The real beauty of the Mystichrome paint formula is in the technology behind it. According to DuPont and its chemists responsible for the finalized Mystichrome paint formula, their latest creation does not require any special handling, and the paint itself contains the appropriate variances so that any applications will match perfectly every time. This means that the Mystichrome paint is truly the next generation in color-shifting technology, which also echoes the technological and mechanical advances in the Terminator Cobra’s powertrain and performance compared to previous Cobras. Truly, the Terminator Cobra and the Mystichrome paint were specially made for each other, tailored specifically for the particular car’s personality and explosive performance. This is why the Mystichrome paint would not be appropriate for any other future car, as the paint formula and its matching Mystichrome leather interior were part of SVT’s internal planning and budgeting for the Terminator Cobra, and it was produced so that the most-powerful SVT Cobra to date could be part of the Mustang’s 40th anniversary celebration.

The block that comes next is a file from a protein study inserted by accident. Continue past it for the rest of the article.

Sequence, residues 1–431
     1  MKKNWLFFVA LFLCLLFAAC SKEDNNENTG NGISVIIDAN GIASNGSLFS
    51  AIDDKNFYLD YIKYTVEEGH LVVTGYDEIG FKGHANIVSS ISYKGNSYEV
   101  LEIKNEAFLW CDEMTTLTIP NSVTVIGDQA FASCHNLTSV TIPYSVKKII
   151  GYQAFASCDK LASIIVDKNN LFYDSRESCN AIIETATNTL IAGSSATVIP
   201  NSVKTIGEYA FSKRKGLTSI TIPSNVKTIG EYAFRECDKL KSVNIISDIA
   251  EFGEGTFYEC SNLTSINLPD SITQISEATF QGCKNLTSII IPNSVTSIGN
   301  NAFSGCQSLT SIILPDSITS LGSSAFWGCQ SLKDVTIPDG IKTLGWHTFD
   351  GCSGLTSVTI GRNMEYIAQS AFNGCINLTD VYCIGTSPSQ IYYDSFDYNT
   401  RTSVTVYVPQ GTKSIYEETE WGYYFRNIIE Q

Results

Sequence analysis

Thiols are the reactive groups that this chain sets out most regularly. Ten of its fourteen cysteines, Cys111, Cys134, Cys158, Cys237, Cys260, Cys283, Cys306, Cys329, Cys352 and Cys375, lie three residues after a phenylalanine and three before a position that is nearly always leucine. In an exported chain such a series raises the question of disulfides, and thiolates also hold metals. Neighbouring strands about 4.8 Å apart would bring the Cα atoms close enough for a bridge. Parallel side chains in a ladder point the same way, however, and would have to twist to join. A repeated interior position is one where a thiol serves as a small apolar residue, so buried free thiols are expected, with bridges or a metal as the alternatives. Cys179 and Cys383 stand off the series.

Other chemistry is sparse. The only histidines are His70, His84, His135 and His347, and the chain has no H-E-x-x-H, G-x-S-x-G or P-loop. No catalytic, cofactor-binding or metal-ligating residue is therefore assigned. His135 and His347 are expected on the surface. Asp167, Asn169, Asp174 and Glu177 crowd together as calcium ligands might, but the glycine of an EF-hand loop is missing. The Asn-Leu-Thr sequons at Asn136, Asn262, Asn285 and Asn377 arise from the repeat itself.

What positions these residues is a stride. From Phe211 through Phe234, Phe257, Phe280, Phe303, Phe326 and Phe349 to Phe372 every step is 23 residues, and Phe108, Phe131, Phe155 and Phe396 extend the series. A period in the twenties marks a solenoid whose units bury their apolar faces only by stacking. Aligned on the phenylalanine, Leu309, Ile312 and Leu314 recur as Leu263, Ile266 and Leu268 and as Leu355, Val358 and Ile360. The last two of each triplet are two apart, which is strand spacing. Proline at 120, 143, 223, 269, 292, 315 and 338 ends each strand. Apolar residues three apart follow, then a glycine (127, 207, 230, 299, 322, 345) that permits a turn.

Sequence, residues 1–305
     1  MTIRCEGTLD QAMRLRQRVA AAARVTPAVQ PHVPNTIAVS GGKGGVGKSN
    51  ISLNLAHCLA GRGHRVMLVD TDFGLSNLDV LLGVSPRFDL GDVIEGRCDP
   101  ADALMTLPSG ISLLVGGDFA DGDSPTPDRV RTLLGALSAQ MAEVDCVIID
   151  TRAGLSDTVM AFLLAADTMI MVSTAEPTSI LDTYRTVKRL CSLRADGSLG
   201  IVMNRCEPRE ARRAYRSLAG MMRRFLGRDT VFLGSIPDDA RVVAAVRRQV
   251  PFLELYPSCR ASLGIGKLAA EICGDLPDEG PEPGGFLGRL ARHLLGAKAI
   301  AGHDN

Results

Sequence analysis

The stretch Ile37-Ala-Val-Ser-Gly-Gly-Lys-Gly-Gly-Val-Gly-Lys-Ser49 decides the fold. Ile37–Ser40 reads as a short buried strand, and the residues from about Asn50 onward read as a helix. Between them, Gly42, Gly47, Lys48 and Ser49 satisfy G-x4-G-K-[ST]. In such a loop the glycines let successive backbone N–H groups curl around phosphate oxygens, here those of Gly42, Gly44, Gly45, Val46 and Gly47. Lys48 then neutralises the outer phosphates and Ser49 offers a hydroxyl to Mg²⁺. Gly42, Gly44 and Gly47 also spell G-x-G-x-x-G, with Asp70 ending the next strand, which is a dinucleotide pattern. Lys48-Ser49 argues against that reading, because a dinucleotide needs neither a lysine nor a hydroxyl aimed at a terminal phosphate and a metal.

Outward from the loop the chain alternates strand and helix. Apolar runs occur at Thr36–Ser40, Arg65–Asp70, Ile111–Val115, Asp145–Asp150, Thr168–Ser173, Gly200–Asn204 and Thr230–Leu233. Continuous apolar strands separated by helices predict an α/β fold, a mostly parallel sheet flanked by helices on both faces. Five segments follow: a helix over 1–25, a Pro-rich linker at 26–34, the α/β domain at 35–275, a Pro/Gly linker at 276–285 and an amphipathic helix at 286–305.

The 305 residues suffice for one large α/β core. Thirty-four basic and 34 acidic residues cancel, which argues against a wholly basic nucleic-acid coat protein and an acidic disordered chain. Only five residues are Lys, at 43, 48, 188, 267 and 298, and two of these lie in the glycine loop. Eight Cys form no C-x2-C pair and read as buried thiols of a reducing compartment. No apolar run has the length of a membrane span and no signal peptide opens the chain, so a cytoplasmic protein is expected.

Below and lower right: The Mystichrome paint and the Terminator’s 17×9-inch chrome wheels complement each other in a tasteful, bespoke manner. Chrome Cobra emblems adorn each front fender, and the full side scoops house the only part on the car with “Terminator” stamped onto the back side.
Above and below: Color-shift paint technology was fairly new when Chameleon Clearcoat Metallic was offered on the 1995 Thunderbird, exhibiting a shift from indigo blue to deep violet. Deep Evergreen Clearcoat Metallic, shifting from an emerald green to a teal blue, was offered on the 1997 Lincoln Town Car and the 1998 Lincoln Navigator. Cypress Gold Frost Clearcoat Metallic was first available on the 1996 Lincoln Town Car Cypress Edition and later offered on various other Fords, Lincolns, and Mercurys, including the 1999 Lincoln Navigator.
The 2000 Mystic Gold Cobra will forever
remain an automotive enigma.
Below: The Mystic Gold Cobra prototype was photographed for the press release and the 2000 SVT Mustang Cobra sales brochure, as shown.
Below: Because of its vibrant colors and extroverted personality, the critical few may call the Mystichrome Cobra garish, ostentatious, or even pretentious, but its owners understand its many secrets, tireless character, and unrestrained elegance.
Continue to Chapter 7 >